How to calculate the exposure time
How to calculate the exposure time in Long Exposure Photography
How to calculate the exposure time in Long Exposure Photography is one of the most important basis that is necessary to learn if you want to become a long exposure photographer. I currently use for photographing of long exposures two filters stacked one on another. I use 10 stop filter – LEE Big Stopper and 6 stop filter Formatt ProStop IRND 6. So the total is 16 stops, an example which is shown below is using both at once but I often use separately one or the other. The procedure to calculate the exposure time, however, remains the same.
Vision is what makes your photo great. And composition as well. Do not underestimate them. The basis, however, always remains the properly captured photograph. In the classic static photography the camera will do everything instead of you. Regarding to Long Exposure Photography, you must tell your camera how long the shutter shall remain open for the correctly exposed photograph. The camera must be set to full manual mode. Therefore, we now tell how to calculate the exposure time in Long Exposure Photography in a few easy steps.
Set the camera to aperture priority mode
Find a suitable composition, put your camera on a tripod, fix cable release to the camera. Set the camera to aperture priority mode („A“ on Nikon and „Av“ on Canon). Focus and select the required aperture.
Ideal aperture for Long Exposure Photography
The most ideal aperture for most lenses is between f/8 and f/11. Since mostly for long exposure photography are used wide angle lens, it is not a problem even for aperture f/6.3. From my experience all will be sufficiently sharp. Do not exceed the upper limit f/16, try to keep it in an ideal values. The reason why not to go above is diffraction by which the lens suffers and in the photograph you can see all the dust on your ND filter. You will save the time to remove them in photoshop.
Do your first test shot
We have the camera on tripod, we have set the ideal value of aperture on f/11, the camera is set to aperture priority mode. Pressing the shutter we have the following values calculated by the camera: ISO 200, f/11, 1/500sec. Now we will show the example of how to achieve at these values the exposure time for example 4 minutes.
How to calculate the exposure time
I use a table with exposure times according to used density of ND filters for calculation or an application on the iPHONE. Let us first look at the table below: (Click on this link if you want to donwload this tab)
As I wrote, I use two filters stacked one on another, they stopes the exposure time together for 16 stops. When you look at the lef column in the table you will find a value of 16 (density of used ND filters) and then look in the same line value of 4 minutes. The table will show you that the time you set (1/500sec.) is not correct. The correct should be (1/250sec). You are still at aperture priority mode so increase the aperture „f“ above until the camera shows the value of 1/250sec.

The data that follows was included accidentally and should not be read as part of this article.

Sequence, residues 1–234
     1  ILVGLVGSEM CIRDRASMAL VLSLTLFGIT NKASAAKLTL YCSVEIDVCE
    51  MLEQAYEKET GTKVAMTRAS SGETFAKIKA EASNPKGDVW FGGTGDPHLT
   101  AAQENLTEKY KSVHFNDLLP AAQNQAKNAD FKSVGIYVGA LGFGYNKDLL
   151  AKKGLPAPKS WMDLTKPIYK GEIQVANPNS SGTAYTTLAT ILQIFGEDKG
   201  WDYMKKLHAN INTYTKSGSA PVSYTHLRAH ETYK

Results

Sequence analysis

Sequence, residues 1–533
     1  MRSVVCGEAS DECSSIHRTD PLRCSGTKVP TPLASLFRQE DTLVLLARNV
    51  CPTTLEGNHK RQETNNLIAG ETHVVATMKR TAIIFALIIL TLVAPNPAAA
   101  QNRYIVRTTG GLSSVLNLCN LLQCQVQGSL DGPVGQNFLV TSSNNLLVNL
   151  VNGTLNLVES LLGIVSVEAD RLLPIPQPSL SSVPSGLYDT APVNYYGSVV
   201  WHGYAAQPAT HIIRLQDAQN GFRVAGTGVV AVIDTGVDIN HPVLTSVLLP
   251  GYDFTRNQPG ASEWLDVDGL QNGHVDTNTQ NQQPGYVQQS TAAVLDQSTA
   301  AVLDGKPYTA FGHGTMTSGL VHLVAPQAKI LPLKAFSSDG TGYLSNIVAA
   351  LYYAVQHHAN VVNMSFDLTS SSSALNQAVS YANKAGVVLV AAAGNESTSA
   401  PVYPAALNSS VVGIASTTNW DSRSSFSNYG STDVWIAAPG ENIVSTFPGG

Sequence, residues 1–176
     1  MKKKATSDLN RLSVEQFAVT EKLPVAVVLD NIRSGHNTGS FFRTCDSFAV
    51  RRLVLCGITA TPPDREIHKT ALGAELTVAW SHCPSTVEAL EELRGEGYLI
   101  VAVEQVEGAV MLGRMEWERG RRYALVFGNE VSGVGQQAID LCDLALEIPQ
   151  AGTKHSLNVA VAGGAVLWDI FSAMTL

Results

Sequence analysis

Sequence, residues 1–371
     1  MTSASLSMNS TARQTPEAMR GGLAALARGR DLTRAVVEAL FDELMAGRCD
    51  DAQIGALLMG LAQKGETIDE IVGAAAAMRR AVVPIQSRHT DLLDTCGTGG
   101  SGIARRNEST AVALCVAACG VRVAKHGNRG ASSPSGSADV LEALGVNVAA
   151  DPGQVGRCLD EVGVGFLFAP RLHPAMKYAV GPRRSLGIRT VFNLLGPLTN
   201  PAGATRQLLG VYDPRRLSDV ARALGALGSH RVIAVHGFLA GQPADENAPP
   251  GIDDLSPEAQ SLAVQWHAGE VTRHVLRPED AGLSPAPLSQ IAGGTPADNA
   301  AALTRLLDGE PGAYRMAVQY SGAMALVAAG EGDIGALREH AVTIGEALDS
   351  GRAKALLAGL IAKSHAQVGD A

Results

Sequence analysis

How to calculate the exposure time using the Iphone app.
The second simplier option how to calculate the exposure time is to use an application for example on the Iphone. Click on this link if you want to download this app. After its launch in the first menu click on „Stacking ND Filters“. In our case, we set the value of 1/250sec., the first filter 10-stop and the second filter 6-stop. The application will instantly calculate that the correct exposure time is 4minutes and 22seconds! Isn´t it great?
Set the camera to full manual mode and take the shot
Once we know what values we need, we set the camera to full manual mode. Value of the exposure time is set to „bulb“. Shutter will stay open as long as you need. Cover your viewfinder so that light would not trap through it on the camera sensor at long exposure, attach filters and finally take the shot!
Control the histogram and give extra 20%
Control the histogram for each photo to avoid completely dark and completely bright areas in the photograph. You may lose the drawing in some parts of the photograph what we definitely do not want. Often applies that although you correctly calculate the exposure time, we still need to add 20% of extra time. This will show you most reliably the histogram.
Finally, a few tips from me
Learning to technically manage how to calculate the exposure time is of course the basis of how to get to the photo itself. Equally important is your vision of how the final photograph should look. In Long Exposure Photography there is no rule which the photographer must strictly follow. Experimentation is definitely the way you must take. On the LCD screen of the camera you can not actually see whether the desired outcome is successful. My final tip for you is therefore as follows. Always do the different variants from each picture, I am doing 30 seconds, 1 minute, 2 minutes, 4 minutes, sometimes going even further but it depends on the conditions. Subsequently I select only one at home which I like the most.
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